Monday, January 24, 2011
The Importance of Community
One of the things that bothers me about so-called school reform measures today is that teachers shoulder so much of the blame. Having listened to the stories of Cherry Road School alumni now for several years, it's clear that what they remember is not how they did on the test, not what they learned in the class, but the magic of the community of which they were part. It was for their membership in this community they tried their hardest in school and on the playing field. What they did they did to please and impress not only their teachers, but also their parents, the Mother's Club, and their peers. I say peers because if one student did not do well, it reflected poorly on all the students. Why? Because they were part of a community whose very framework depended upon the participation of everyone. These are the lessons they learned that helped each and every one succeed in the lives that followed their days at Cherry Road School.
Some of you might recognize the picture above of McArdell's Gas Station, a landmark in Westvale on the corner of West Genesee Street and Maple Road. I used to go there with my dad. He'd meet up with his high school buddies and I'd drink grape and orange sodas from the Ne Hi machine. See the little room up at the top of the building? A guy named Hank lived up there for a while after the war. He may have been Japanese. One day he came and lived at our house, just a few doors up the highway. He never spoke a word to me and I just assumed he didn't speak English. Instead, he'd open his bedroom door a crack and shove a piece of double bubble gum into the palm of my hand and close the door again laughing. I found out later he was a graduate student and spoke very good English.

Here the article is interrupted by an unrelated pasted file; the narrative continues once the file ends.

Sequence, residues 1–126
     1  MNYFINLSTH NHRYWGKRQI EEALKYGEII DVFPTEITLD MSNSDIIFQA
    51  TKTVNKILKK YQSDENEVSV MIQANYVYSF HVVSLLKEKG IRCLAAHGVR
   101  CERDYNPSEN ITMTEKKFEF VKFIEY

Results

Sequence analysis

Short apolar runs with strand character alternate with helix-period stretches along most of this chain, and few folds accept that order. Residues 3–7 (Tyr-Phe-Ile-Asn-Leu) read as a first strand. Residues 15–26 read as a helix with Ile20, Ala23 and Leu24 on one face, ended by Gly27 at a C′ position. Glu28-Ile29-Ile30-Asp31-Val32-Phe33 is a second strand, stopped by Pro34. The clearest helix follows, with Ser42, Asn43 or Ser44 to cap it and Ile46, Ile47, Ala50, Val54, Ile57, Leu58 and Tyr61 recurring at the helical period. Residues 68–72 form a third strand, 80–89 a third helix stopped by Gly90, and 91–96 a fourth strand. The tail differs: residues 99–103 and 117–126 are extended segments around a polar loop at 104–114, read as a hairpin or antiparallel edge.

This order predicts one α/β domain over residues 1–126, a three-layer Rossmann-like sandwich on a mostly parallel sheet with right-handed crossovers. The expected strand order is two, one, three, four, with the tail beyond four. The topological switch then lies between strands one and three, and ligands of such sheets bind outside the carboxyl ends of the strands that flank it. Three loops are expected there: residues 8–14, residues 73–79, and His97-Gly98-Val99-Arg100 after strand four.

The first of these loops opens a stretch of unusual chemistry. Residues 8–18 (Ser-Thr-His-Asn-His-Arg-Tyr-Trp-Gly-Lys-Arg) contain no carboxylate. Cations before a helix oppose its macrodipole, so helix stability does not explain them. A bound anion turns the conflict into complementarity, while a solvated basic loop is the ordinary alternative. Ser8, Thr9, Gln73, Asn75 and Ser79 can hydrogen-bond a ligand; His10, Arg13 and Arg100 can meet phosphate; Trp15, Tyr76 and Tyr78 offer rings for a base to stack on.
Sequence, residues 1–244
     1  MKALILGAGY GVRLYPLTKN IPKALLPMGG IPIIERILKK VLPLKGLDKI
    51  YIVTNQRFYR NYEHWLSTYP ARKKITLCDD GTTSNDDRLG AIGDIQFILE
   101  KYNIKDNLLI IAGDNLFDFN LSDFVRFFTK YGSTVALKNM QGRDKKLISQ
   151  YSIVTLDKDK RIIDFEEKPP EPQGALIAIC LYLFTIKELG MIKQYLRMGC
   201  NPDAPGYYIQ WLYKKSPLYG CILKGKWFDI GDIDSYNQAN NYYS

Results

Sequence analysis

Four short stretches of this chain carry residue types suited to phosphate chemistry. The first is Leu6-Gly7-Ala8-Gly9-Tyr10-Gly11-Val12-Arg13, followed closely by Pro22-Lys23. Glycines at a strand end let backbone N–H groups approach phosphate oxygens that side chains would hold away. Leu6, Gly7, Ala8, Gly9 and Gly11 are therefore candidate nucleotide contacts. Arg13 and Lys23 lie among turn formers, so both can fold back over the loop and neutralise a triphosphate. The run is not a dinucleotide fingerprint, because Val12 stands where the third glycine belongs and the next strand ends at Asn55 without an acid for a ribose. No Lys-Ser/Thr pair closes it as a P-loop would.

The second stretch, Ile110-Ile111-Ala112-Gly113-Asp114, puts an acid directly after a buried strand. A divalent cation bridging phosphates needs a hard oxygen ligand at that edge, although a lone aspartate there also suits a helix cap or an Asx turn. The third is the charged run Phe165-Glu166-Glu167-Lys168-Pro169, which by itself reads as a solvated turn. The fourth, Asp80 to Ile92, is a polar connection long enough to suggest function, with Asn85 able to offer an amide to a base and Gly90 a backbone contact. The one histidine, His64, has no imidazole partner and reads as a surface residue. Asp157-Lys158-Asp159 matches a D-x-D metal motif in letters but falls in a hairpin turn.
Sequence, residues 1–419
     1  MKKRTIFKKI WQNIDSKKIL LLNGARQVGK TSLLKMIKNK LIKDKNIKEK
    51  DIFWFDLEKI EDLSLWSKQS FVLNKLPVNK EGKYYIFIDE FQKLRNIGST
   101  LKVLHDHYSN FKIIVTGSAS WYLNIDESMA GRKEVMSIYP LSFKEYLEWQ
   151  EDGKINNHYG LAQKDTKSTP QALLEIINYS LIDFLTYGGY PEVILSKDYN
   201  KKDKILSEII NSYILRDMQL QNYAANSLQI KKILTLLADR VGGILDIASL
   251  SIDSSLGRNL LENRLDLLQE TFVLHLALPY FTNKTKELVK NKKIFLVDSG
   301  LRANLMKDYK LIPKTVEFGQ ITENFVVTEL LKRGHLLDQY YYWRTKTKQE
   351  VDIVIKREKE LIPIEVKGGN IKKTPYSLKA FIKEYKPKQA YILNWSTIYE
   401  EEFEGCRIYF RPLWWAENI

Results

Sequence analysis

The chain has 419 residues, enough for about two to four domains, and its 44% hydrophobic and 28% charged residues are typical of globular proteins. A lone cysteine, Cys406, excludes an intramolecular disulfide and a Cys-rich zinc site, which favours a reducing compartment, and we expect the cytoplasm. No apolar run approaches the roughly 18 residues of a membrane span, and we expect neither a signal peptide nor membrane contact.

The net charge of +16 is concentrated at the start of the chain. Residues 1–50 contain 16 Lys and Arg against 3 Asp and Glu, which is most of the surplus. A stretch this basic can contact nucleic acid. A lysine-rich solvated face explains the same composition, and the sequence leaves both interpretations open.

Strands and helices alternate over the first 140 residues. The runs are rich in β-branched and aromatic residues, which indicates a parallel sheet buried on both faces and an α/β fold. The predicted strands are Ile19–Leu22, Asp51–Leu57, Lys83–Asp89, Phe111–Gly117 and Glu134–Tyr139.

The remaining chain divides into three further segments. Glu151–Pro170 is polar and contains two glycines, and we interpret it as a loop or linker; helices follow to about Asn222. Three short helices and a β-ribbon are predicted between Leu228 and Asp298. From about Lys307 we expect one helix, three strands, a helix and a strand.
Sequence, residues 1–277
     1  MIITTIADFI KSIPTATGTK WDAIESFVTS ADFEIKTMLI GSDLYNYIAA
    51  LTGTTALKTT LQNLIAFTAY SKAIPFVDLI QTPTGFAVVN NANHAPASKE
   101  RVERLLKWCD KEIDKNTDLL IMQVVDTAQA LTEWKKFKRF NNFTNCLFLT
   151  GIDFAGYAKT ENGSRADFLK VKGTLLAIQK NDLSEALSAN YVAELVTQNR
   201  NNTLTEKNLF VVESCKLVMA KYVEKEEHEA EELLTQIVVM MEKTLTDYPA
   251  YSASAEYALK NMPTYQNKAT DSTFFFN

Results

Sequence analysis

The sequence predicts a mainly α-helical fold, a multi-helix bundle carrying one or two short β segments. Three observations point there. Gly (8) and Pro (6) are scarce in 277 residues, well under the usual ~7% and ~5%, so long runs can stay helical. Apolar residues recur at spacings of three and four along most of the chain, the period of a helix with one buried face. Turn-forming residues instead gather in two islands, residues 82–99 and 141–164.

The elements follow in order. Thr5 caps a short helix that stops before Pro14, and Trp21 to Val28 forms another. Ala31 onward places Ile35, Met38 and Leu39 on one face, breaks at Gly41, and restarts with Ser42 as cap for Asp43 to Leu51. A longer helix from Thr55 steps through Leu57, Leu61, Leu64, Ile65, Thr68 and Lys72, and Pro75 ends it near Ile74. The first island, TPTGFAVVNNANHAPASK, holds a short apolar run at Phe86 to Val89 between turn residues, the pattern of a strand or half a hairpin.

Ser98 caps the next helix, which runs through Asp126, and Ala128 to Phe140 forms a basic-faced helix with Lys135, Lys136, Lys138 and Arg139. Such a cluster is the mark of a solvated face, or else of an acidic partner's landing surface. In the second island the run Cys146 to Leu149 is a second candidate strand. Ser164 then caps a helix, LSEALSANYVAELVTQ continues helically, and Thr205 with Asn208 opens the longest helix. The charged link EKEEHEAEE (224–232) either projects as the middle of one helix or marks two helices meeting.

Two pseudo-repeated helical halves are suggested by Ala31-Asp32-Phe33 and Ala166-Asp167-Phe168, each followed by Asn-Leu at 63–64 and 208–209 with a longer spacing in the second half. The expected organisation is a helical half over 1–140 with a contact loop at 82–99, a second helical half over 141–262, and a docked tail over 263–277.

I'll never forget my days in Westvale and I'm learning from my interviews that this holds true for everyone who has lived in this odd little community with no Main Street. Instead of a Main Street with a soda fountain and a five and dime, Cherry Road School, in many ways, served as the heart of the community. There were other institutions that were part of the Main drag of Westvale, spread out over many blocks and neighborhoods. There was Lundy's Drive-In where they brought bright silver trays to attach to the side of your car window and served the best hamburgers and chocolate shakes on the planet; McArdell's Gas Station was a club house for high school boys in the way these grease joints were. The movie theater was a place to go on Saturdays. The owners sold candy to the kids on the cheap and then hustled upstairs and ran the film. The school was always open on a Saturday, all seasons of the year, for a pick-up game of basketball in the gym or baseball out on the rolling campus of green grass and pine trees. Sledding on the reservoir in wintertime holds a story for everyone. Westvale made an impression so deep on each and every student that none of them ever forgot to live up to the expectations that were a reflection of the surrounding community.